This research project shapes me as an artist really. Many of these artists under study are self-made, and do not have access to proper training in the academies. Since China has the largest population of social media users in the world, it is necessary for the artists to express their creativity and ideas in a more constructive and reflective manner because their audiences are mostly teenagers who would need positive guidance from the society. It is the new generation of Chinese artists’ responsibility to be more aware of their far-reaching influence on the youths.


It is necessary to problematize the social and cultural impacts of popular artworks on teenagers. Three issues can be discerned from the current development. The first concerns the excessive consumption of popular artworks among urban teenagers. The second concerns the intense emotions and anxieties that some art works are shaping the views of their recipients, and this is particularly true for those widely-circulated online flyers and videos that demonized protesters in Hong Kong, and any dissidents critical of China’s crisis management in the latest pandemic. Unless everyone has free access to credible information in the Chinese media landscape, it is hard for the readers to distinguish reliable news from faked ones. The third challenges concerns the availability of sexualized materials which might perpetuate and even reinforce the existing gender biases in a patriarchal society. I plan to author with my mentor a publishable article on the rising Hanfu fashion in China’s social media landscape, and submit it for peer review this summer.


This research project provides a significant lesson for me as an artist and as an analyst of the impacts of social media on young Chinese artists. It is essential for creative ones who have the ability to influence and shape opinion to utilize their online platforms for the common good, because the social media interactions could easily contribute to intense exchange of opinions among passionate fans of artists. Despite this challenge, old cultural boundaries are crushing down, and cosmopolitan trend, as shown in the revival of the Hanfu fashion, is becoming an integral part of the Chinese Internet culture.

BLOG#3 Cosmopolitan Chinese Identity in Comics: Representations of Traditional Clothing (Hanfu)

As I continue  this research project that investigates the widespread embrace of the Hanfu practice among Chinese millenniums and post-millenniums, several significant events which took place in the first two months of 2020 completely transformed the landscape of popular culture. In response to the severe outbreak of Wuhan Coronavirus, the social-media-art-community of young Chinese artists or illustrators (Huishi) have shifted their focus of attention from the design of ACG (Animation, Comics and Gaming) subjects to utilizing arts to addressing the latest social and political crisis. The on-social-media movement voluntarily launched by young artists has developed a catchy slogan,  “Creativity Shall Never Die”(Chuangzuo busi), to build cross-sectional alliances of different generations of artists, and this new trend in Chinese popular culture has offered a new opening for me to expand this research project.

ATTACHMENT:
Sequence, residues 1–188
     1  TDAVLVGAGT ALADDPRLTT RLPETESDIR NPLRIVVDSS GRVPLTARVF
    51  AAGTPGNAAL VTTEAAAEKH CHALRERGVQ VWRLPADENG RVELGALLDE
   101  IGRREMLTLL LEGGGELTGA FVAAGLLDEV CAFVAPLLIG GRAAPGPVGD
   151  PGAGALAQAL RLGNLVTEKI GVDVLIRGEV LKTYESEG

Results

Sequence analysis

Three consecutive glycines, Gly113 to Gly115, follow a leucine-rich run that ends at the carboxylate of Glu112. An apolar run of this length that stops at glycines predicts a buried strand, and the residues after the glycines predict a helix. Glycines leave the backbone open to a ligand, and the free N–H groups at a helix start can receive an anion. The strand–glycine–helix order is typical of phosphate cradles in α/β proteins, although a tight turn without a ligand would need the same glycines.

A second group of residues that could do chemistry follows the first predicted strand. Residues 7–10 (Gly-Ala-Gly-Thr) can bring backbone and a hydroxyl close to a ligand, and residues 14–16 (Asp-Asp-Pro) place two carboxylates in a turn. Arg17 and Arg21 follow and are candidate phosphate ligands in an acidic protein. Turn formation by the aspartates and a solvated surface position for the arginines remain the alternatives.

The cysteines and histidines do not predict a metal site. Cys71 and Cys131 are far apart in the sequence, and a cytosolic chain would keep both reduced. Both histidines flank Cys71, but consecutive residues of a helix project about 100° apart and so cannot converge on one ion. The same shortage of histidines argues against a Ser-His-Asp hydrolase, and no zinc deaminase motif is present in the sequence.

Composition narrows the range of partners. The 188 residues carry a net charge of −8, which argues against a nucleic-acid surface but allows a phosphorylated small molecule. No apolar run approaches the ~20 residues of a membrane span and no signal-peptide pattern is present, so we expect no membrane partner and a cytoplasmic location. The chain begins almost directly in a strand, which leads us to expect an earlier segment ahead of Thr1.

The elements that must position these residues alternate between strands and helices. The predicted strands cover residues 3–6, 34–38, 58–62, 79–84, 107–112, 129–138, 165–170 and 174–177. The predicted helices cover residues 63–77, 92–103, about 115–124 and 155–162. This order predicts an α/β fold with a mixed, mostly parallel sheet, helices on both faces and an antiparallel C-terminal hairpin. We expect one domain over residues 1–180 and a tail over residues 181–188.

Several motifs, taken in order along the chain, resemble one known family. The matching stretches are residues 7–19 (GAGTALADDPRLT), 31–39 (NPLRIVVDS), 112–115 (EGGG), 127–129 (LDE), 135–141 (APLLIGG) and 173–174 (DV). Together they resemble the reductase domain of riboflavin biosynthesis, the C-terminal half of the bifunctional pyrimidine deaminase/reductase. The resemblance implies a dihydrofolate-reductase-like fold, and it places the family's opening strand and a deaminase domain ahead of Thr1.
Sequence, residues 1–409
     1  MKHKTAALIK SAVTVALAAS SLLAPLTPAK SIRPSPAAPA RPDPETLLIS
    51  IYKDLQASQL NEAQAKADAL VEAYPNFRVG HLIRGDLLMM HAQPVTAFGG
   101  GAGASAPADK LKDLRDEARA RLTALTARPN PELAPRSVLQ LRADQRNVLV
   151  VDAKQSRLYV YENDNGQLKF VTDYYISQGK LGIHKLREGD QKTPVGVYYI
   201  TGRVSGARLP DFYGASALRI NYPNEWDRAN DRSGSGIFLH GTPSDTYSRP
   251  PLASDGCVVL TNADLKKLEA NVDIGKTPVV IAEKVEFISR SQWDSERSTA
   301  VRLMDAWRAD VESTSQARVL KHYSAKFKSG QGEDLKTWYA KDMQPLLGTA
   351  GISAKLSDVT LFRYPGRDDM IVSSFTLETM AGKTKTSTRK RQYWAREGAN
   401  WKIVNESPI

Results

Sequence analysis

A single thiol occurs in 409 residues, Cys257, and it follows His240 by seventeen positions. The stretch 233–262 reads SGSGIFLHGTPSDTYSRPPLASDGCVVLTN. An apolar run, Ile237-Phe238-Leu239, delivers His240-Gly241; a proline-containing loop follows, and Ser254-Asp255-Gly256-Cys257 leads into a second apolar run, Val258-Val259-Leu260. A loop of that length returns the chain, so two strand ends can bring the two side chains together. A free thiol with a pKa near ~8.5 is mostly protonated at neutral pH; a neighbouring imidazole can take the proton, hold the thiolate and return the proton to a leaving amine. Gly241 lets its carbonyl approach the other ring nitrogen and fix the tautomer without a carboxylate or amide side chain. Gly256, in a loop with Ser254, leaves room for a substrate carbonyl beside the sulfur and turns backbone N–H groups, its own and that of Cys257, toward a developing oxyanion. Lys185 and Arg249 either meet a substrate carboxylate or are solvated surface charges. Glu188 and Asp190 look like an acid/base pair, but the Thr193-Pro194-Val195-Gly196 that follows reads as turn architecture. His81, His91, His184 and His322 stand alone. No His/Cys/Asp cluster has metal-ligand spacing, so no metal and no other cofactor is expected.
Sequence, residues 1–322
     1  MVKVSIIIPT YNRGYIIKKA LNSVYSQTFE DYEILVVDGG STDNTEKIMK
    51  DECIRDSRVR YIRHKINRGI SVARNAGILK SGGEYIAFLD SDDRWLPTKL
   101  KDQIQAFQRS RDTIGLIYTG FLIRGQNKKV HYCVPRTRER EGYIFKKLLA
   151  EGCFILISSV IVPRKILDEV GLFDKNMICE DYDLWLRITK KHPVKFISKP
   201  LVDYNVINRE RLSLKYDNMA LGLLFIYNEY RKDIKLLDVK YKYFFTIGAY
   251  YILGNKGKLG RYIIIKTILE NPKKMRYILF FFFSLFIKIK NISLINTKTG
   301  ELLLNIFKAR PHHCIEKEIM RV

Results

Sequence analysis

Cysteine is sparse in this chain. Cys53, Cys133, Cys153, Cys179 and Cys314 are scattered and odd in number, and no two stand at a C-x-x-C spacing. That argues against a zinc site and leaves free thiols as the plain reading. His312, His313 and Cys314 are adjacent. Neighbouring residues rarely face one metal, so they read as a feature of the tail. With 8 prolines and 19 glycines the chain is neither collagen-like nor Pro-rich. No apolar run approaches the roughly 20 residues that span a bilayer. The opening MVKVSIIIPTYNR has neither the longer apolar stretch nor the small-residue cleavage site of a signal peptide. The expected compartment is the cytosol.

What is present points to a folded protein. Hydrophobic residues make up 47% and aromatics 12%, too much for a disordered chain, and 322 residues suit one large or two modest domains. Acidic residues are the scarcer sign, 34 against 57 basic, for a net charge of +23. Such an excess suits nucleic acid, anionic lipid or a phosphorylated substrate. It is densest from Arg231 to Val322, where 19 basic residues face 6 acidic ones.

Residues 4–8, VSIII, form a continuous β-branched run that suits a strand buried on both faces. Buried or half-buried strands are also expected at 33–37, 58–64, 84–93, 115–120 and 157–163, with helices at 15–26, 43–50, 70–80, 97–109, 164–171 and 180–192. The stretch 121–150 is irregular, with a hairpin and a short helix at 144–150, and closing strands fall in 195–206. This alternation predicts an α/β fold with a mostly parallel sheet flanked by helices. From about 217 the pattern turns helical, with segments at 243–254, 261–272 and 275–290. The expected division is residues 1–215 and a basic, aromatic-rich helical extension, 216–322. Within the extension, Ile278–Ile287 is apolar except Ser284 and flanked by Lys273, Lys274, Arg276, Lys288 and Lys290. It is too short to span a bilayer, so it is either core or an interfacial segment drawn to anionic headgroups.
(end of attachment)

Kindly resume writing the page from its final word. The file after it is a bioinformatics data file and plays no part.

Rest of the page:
At this point, my project argues that the Hanfu (traditional fashion) trend in contemporary China is not only a popular cultural icon and product inspired by the Japanese popular culture, but also an advanced way of expressing young artists’ pursuit of individual creativity and their attachment to nationalistic symbols. Thus, the rise of traditional Chinese fashion exhibits a constructive tension between individualism and patriotism. Besides, the art market of Chinese youth is expanding, and prompting artists to take seriously the protection of intellectual copy-rights. Many of the Chinese ACG artists have adjusted and adapted to this new environment as they are changing their motivation of creating artworks from a pure commodity for mass consumption into a non-commercial art for the public’s appreciation.

In my research, I draw on some further discussion of data derived from the recent release of new artworks and discourses by young Chinese artists on major online platforms such as Weibo, Lofter and Qzone. I identify the following new patterns of development among these artists.

Main Theme: Growing Self-Awareness and Creativity

At this point, this research project strives to investigate the relationship between the Hanfu trend and the growth of self-awareness of national identity and individual creativity. A contextual understanding of today’s Chinese popular art market is essential. Hanfu is one of the most popular trends in the youth art market, compared with similar trends like the Cosplay (costume play), JK uniforms (Western-style uniforms, the word ‘JK’ comes from initials of High School in Japanese), and Lolita. The last 5 years has witnessed a proliferation of the Hanfu products, with increasing commercial potential for the domestic Chinese consumers, and with a variety of new designs that reconcile tradition with modernity in fashion.